Ten days and one three hour exam left and then I’ll be finished with my university education. There’s been lots of waves of nostalgia over the last few weeks as I’ve wandered campus and the city, but I’ve also been thinking a lot about the ways in which my experience has surprised me. And I think one of the most surprising elements of the last three years has been how I’ve thought about class and identity and how the conversations and ideas surrounding it have differed to what I anticipated when I left sixth form.
The first time I attempted to go to University, down in London, I didn’t really think much about class and identity past being shocked at how much money was in the world. But after three years of living in Manchester I’ve had experiences and encountered discussions and ideas surrounding class that I didn’t anticipate. Pretty much anyone who’s spent more than ten minutes wandering around Fallowfield can vouch for the way in which elements of working class culture are adapted by middle class students and made into ‘edgy’ instagram posts and art pieces. Friends from a similar background to me share my frustrations with the way in which these students seem to pick and choose the elements of working class culture which most helpfully fit whatever aesthetic they’re going for and then proceed to completely disengage from the complexity of working class issues. But it’s the way in which ‘the working classes’ are talked about by these students that really began to piss me off, as if we’re not people they’re likely coming across in lectures, seminars and smoking areas but some vague abstract concept. I’ve sat and listened to people from private schools ranting and explaining to me ‘working class issues’ at parties. But whenever I’d engage and actually acknowledge my own background, people often become uncomfortable and very rarely actually asked for my opinion or perspective, to see if it aligned with their expectations. Seeing middle class people talk about your lived experiences as some intangible ‘other’, but also as ‘one’ experience as opposed to massively varied and differing ones, gets real grating after a while. There’s an assumption at university as to what working class people look/sound/dress like and what they think/care about. And I think this has been one of the most stifling things for me. I began to feel like I couldn’t offer up my perspective as a working class person because it made people feel awkward/guilty, but trying to just ‘act middle class’ or switch off from how different my experiences have often been to those of people around me felt uncomfortable too. This all began to feel more complicated because as University has gone on I’ve felt myself identifying less and less with my hometown and elements of my childhood. Because my financial situation has slowly improved (from worrying about whether we’d lose our home and declined cards at asda to being able to afford trips to festivals and different cities, actual copies of the books I want to read, clothes I like to wear) I’ve also felt like I’ve lost authority on the subjects I’ve always thought I had a valuable perspective on – poverty, social mobility etc. And this is despite frequently nearly dropping out because of money issues and having my mental health problems constantly amplified by a lack of financial stability. I always saw the idea of not having to worry as much about money as something to hope and aim for, but in a university bubble where perspectives are limited and ‘poverty porn’ often seems to be a key part of ‘discussions’ surrounding class, I’ve found myself questioning my own voice/narrative. As my degree is coming to an end I’ve begun to realise that this isn’t a problem with me, or even (to an extent) with some of the students who make the problem worse – it’s an issue with the way in which the working classes and their varied experiences aren’t represented well enough, whether that’s politically or within literature and the arts. It’s one of the reasons I’m so passionate about independent publishing and encouraging diversity and accessibility when it comes to books, poetry, theatre and all of the wonderful creative projects that often exclude a significant part of society. And it’s something I hadn’t been forced to consider in detail back home, where ‘working class’ didn’t just mean gritty film shots of a council estate or a pair of battered trainers.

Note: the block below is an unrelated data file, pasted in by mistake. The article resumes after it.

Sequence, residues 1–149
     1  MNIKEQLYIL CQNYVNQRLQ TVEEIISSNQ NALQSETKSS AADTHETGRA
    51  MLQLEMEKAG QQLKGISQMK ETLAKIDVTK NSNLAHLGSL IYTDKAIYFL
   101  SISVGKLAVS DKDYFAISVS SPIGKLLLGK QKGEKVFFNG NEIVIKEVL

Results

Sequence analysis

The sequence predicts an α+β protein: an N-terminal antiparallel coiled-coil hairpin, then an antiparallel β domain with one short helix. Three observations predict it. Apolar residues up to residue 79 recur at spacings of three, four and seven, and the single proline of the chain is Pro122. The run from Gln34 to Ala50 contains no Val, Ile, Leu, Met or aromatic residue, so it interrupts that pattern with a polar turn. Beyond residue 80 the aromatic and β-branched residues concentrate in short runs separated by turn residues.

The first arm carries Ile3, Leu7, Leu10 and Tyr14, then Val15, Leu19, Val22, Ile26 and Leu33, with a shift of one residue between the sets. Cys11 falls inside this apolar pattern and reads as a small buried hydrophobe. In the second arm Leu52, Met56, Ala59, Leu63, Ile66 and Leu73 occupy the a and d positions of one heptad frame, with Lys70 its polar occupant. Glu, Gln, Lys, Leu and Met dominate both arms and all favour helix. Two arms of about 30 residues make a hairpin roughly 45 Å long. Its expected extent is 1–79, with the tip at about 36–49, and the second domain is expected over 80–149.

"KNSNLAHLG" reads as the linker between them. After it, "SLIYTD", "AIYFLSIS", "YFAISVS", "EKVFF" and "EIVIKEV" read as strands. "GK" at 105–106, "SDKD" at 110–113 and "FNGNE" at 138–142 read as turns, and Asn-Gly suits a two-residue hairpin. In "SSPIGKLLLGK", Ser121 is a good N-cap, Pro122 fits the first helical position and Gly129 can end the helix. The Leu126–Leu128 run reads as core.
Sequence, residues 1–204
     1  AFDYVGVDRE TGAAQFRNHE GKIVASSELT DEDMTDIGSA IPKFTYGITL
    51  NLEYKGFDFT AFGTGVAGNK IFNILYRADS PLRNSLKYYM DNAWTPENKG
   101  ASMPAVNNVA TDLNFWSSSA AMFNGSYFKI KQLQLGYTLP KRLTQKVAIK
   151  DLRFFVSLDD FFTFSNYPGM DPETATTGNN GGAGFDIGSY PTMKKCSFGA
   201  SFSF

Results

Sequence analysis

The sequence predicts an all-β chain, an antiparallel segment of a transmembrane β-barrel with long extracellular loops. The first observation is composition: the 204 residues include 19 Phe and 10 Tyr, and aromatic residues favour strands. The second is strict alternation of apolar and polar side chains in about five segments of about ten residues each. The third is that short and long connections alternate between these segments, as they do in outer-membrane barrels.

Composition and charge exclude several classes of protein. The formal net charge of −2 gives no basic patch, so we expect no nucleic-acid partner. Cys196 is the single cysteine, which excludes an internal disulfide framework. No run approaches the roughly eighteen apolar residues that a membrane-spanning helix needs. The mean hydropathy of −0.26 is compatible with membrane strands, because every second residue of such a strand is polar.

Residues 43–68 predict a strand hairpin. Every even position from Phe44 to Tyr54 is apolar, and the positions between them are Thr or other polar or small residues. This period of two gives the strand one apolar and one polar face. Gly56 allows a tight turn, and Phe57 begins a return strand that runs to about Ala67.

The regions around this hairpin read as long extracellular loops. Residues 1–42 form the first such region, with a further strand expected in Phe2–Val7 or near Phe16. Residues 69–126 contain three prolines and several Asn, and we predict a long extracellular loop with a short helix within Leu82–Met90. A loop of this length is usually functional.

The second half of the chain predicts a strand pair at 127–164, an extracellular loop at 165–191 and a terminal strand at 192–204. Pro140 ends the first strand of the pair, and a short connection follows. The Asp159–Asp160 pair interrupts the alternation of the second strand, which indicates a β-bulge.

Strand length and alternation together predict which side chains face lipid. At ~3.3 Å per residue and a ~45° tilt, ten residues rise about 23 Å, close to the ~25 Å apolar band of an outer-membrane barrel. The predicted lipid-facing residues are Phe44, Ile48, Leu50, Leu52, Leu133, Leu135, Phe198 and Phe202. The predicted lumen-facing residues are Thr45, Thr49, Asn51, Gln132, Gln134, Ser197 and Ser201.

Class problems at University are often portrayed as a simple conflict between ‘toffs’ and ‘poor people’. But the problem is much more complex than that. Narrowing it down just limits the dialogue and leaves working class students feeling even more alienated than they did before University.